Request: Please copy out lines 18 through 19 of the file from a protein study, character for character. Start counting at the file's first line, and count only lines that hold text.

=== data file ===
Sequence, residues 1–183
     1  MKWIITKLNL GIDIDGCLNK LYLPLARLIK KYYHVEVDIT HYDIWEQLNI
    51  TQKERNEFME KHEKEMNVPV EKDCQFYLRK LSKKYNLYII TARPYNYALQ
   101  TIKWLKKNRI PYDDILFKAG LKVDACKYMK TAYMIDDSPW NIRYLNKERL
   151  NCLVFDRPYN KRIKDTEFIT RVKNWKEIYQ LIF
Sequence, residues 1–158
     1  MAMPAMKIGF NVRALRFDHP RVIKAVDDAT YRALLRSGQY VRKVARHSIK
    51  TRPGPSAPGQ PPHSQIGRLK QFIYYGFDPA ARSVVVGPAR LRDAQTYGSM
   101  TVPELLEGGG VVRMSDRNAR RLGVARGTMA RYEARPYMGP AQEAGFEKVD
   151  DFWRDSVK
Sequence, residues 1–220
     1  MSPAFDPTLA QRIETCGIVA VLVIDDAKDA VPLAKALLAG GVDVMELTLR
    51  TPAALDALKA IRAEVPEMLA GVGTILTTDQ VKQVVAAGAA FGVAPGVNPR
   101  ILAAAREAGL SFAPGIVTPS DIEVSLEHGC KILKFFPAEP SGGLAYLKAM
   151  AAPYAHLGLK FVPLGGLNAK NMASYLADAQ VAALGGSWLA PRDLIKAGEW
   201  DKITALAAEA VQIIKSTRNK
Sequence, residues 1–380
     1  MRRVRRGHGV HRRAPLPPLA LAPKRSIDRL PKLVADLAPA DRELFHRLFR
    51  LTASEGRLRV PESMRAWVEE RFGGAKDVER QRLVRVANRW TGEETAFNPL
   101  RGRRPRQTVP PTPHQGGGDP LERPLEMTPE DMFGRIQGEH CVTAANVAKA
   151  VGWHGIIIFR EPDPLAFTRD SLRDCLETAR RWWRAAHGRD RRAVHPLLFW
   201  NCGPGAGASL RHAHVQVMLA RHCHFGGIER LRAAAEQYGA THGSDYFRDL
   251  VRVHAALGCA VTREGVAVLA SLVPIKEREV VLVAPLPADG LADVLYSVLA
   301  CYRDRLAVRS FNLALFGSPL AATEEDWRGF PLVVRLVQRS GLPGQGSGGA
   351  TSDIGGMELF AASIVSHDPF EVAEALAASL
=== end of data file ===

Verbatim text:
     1  MRRVRRGHGV HRRAPLPPLA LAPKRSIDRL PKLVADLAPA DRELFHRLFR
    51  LTASEGRLRV PESMRAWVEE RFGGAKDVER QRLVRVANRW TGEETAFNPL